In the south of Mexico, in the border of the Aztec country with Guatemala, there is a wall that nobody talks about
Since the beginning of his presidential campaign, Donald Trump promised to build a wall between Mexico and the United States to combat illegal immigration. The controversial measure unleashed indignation in the international community and victimized a country that for years has worked to become one of Washington's main allies.
Leer en español: Migración: México deporta más inmigrantes indocumentados que EE.UU.
However, the massive wall of which prototypes are already known and which, according to Trump, Mexico will pay, is not the only border division that the Aztec nation would hold. A concrete wall of one meter and a half of high, with barbed wire at the top, runs more than a kilometer on the border of Mexico with Guatemala and was built with the objective of preventing the entry of undocumented immigrants from Central America.
It all started on July 7, 2014, when the president of Mexico, Enrique Peña Nieto, and the then president of Guatemala, Otto Pérez Molina, announced the start of a migration security project called Plan Frontera Sur (Southern Border Plan, in English). This was proposed as a strategy to regulate and dignify the passage of immigrants at the border. However, its implementation meant an increase in vigilance, controls and the acceleration of the deportation processes of Central American citizens who arrive in Mexico.
Mexico: New "refuge" for the undocumented?
According to a report published in early 2018 by the National Human Rights Commission (NHRI), nearly half of the Central American migrants who cross through Mexico are no longer planning to reach the United States, and decide to stay in the Aztec nation to avoid deportations or even death. In many of these cases, migrants are not even clear about the city that they will inhabit and decide to settle in the first place where they find work.
The document also indicates that of the undocumented population that arrives in Mexico, 70% are Hondurans, 12% Salvadorans, 10% Guatemalans, 3.5% Haitians and 1.8% Nicaraguans. The rest, with less than 1%, are Cubans and Africans from Ghana, the Republic of Congo and Cameroon.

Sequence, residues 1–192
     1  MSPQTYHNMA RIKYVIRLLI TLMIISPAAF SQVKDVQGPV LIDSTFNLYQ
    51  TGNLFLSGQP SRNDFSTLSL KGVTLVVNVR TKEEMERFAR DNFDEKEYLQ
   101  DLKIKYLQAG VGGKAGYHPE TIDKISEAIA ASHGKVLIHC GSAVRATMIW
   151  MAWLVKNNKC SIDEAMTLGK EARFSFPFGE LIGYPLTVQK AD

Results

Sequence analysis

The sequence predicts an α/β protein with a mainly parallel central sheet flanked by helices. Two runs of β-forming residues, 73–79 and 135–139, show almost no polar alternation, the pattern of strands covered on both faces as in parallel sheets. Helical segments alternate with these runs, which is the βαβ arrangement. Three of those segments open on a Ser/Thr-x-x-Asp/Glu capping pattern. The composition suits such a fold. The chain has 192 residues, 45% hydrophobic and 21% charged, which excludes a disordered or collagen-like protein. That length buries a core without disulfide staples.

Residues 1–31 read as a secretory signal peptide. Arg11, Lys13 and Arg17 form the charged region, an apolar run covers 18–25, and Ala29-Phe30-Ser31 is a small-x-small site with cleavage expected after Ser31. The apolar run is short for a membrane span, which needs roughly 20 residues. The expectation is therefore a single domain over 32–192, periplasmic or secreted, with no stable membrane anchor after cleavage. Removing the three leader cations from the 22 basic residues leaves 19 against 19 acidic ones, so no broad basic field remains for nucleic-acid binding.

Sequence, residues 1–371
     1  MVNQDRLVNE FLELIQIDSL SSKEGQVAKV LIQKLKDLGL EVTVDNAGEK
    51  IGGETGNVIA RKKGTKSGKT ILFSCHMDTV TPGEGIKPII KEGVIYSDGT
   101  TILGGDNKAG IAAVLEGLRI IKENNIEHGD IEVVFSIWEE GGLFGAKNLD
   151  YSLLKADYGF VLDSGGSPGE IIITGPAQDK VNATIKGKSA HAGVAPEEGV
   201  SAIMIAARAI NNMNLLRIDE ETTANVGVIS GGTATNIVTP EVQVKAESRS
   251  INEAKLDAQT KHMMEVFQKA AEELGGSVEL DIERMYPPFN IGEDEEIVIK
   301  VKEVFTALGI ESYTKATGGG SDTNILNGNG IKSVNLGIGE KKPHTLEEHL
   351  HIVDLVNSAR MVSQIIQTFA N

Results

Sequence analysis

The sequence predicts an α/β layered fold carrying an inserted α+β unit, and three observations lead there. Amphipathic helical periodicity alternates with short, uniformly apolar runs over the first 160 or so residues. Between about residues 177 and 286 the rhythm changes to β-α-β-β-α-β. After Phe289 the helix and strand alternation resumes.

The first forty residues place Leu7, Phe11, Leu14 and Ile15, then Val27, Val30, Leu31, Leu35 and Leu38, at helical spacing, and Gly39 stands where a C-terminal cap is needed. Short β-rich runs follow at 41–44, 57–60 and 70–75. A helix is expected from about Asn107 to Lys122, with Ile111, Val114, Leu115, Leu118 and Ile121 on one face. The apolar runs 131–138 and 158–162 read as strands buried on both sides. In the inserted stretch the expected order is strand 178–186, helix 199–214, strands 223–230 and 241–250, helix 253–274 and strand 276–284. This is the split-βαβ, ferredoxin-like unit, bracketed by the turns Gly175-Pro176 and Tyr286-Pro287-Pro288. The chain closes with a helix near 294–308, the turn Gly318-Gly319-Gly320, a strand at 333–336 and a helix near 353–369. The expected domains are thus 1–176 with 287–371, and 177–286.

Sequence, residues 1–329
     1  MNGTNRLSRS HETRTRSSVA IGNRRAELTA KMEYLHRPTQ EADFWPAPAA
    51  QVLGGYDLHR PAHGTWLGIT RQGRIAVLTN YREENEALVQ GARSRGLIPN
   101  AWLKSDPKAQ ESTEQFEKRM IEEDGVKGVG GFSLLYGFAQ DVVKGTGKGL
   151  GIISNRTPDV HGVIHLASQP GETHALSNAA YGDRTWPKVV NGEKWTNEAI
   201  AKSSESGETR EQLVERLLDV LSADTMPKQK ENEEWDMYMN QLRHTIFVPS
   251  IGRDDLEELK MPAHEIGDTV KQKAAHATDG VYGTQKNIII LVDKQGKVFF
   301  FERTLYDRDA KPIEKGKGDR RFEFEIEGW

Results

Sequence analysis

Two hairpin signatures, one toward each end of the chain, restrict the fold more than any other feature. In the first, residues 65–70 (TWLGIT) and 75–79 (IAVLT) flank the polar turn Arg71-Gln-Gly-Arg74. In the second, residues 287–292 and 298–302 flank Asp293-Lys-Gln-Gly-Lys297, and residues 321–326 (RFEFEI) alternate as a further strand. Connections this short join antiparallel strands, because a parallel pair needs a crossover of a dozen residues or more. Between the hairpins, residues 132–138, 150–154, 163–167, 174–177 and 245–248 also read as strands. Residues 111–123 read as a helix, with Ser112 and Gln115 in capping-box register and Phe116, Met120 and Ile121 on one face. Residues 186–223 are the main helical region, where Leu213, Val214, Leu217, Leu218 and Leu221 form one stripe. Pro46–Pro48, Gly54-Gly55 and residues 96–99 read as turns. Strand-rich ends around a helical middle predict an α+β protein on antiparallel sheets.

The phenomenon would have started in 2014 when both the U.S. and Mexico increased security measures in their border areas. According to members of pro-immigrant organizations in Mexico, since the government of Barack Obama, the United States provides technology, personnel training, and advice so that the wall on Mexico's southern border becomes an effective blocking barrier for those trying to reach the northern country.
Thus, since 2014, Mexico deports more undocumented immigrants than the U.S. According to the International Organization for Migration (IOM), it is estimated that every year 150,000 citizens of Central American origin are returned to their nations. Many of those who manage to stay must endure long legalization processes to become citizens or obtain work permits. According to the Migration Report of the Organization of American States (OAS), this is due to the harsh immigration laws that, according to some political analysts, are even harsher than those applied by the United States.
Thus, organizations that work in the protection of human rights qualify as "hypocrite" Mexico's stance against the construction of the wall on the border with the U.S., and according to the newspaper Excélsior, they ask the government to review its own immigration policies before judging those of its neighboring country. This is because, since the lifting of this division in the south, crime and the violation of human rights in the area have increased.
Latin American Post | Krishna Jaramillo
Translated from "Migración: México deporta más inmigrantes indocumentados que EE.UU."